Four Cambodians were injured, one seriously, in a suicide attack in Mali’s Gao city late on Monday, the Ministry of Defence said. The blast killed three people. Malian civilians working for the UN died in the attack in the violence-plagued north of the African Sahel region nation.
The attack was claimed by the Group to Support Islam and Muslims (GSIM), which is the area’s main jihadist group with links to al-Qaeda.
Ministry of Defence spokesman Chhum Socheat told The Post on Wednesday that the wounded Cambodians were Phen Saran, Hul Sokheng, Riem Dy and Sam Ratha.
They had been working as translators for the UN Mine Action Service (Unmas) since November 2014.
They were not part of the Cambodian peacekeeping force of the UN mission in Mali. They had formerly worked for demining organisations the Cambodian Mine Action Center (CMAC) and the Halo Trust.
“Among the four victims, Phen Saran was badly injured. His ribs were fractured and he suffered severe head injuries. He was sent to a Chinese hospital in Mali, while the other three men suffered minor injuries and were taken to a nearby hospital,” Socheat said.
A ministry statement said a vehicle heading towards the UN office in Gao exploded in a residential area.
Two Malian UN employees were killed immediately, while 14 others, including the Cambodians, were injured and taken to a hospital.
The driver of the 4x4 vehicle was killed in the blast.
The GSIM said the attack had targeted “invading crusader forces” in central Gao in an area “where there are British, German and Canadian troops”, according to AFP.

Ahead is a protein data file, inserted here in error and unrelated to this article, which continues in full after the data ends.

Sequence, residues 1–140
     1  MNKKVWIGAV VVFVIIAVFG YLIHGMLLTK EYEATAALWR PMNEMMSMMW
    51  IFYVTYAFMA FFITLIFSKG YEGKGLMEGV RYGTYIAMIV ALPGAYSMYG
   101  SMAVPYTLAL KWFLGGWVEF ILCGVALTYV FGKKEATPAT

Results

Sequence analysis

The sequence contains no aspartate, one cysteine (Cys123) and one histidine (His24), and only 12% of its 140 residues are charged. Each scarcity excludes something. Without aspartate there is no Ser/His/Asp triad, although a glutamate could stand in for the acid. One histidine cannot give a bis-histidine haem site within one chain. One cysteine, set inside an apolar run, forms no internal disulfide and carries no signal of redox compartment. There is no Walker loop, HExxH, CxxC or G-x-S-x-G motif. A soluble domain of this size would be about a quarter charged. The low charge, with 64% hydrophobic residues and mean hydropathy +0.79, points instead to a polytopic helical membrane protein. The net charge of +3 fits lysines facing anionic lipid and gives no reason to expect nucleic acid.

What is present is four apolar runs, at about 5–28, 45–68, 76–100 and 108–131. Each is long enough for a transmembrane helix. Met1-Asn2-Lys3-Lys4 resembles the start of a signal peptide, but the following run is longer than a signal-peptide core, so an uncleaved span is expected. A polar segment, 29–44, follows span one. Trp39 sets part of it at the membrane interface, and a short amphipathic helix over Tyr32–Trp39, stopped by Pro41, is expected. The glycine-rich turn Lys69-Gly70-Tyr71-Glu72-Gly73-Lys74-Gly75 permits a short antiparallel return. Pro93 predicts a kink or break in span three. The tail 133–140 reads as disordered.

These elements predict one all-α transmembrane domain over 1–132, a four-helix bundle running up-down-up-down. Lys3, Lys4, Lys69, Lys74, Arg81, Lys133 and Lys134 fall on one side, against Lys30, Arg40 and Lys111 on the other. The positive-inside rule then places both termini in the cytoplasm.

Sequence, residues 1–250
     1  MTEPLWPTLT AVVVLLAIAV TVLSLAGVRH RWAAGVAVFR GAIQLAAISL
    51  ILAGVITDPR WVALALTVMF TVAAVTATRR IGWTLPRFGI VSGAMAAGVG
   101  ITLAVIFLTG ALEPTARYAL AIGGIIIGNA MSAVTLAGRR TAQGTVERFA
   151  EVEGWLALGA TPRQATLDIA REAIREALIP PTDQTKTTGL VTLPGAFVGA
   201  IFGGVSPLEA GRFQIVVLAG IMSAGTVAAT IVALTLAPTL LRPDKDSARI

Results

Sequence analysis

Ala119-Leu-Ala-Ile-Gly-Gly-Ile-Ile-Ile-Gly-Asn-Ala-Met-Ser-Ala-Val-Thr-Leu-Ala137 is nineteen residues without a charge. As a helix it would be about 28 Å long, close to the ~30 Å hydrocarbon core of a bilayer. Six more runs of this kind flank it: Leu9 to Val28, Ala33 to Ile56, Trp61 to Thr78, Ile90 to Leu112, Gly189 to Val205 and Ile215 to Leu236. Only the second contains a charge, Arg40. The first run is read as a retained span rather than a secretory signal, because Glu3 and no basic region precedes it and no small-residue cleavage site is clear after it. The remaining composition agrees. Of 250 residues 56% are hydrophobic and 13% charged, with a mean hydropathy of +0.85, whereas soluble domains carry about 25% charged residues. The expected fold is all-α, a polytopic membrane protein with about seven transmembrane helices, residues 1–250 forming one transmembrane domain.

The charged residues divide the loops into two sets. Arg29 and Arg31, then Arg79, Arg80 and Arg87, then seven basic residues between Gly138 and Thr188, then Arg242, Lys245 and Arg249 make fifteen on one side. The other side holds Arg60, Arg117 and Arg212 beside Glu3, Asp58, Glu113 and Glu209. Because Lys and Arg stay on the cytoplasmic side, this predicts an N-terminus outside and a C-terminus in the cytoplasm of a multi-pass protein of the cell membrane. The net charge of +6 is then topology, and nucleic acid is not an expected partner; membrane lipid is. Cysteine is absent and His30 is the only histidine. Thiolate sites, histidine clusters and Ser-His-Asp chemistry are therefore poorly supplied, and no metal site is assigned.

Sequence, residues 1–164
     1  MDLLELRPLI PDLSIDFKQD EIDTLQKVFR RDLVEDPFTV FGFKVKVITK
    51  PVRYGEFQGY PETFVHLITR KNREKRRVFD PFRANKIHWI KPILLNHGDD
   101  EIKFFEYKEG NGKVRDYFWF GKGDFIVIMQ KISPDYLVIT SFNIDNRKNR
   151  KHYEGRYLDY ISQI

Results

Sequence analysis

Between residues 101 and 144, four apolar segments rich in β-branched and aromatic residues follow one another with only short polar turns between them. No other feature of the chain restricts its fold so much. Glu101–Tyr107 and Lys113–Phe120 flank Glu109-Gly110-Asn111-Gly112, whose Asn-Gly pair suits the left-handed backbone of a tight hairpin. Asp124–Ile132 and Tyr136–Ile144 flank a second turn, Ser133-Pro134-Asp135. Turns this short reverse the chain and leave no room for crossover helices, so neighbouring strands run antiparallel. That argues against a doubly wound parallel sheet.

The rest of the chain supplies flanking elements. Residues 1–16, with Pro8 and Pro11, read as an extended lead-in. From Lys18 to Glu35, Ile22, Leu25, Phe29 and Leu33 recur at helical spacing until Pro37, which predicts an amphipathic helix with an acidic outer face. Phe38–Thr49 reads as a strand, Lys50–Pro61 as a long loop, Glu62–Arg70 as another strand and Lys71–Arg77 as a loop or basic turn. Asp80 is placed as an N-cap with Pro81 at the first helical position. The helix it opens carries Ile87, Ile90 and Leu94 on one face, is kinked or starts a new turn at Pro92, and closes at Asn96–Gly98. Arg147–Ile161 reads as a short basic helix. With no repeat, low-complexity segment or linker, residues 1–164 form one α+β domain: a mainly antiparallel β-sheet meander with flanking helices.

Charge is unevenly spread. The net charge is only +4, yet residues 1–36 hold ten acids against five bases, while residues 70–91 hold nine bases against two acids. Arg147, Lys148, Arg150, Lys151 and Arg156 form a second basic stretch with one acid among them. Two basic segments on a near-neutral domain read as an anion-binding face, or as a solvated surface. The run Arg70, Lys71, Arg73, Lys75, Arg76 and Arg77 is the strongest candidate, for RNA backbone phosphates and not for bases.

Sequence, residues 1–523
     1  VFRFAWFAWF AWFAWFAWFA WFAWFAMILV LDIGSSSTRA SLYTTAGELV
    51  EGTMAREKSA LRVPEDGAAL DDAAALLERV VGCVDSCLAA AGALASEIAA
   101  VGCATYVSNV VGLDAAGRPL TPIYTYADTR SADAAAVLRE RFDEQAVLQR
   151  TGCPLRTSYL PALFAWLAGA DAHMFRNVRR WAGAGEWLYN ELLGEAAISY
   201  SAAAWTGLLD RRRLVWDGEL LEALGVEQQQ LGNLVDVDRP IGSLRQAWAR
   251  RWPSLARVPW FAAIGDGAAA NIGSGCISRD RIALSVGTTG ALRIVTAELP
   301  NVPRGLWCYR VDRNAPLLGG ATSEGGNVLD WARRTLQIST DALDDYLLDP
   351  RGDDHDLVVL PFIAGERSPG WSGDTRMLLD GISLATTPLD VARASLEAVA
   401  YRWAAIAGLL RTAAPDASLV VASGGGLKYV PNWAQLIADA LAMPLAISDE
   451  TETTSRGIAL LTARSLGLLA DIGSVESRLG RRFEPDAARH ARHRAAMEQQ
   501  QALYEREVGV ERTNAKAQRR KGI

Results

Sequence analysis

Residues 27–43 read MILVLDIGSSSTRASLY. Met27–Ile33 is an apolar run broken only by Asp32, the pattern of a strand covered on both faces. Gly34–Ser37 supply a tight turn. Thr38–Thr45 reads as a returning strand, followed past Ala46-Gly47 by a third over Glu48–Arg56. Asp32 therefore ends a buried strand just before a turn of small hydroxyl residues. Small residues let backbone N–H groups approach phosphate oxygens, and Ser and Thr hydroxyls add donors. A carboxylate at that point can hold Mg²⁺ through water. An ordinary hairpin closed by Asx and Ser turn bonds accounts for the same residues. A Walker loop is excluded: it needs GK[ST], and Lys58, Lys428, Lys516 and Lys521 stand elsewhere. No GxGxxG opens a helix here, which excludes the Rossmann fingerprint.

The director-general of the National Centre for Peacekeeping Forces, Sem Sovanny, told The Post on Wednesday that no Cambodian peacekeeping troops in the area were hurt in the attack.
Cambodia has a force of 309 peacekeepers in Mali, divided into two groups of 165 engineers and 144 deminers.
On March 22, Cambodian peacekeeping forces there were unhurt in a guerrilla attack that injured five French soldiers.
“The attack last night in Gao was despicable. Once again, it is civilians who have paid for this violence with their lives,” said French Defence Minister Florence Parly, who was on a visit to Gao with her German counterpart Ursula von der Leyen to discuss the situation in Mali, AFP reported.
Islamist extremists took control of the north of Mali in early 2012, which prompted a military intervention from France.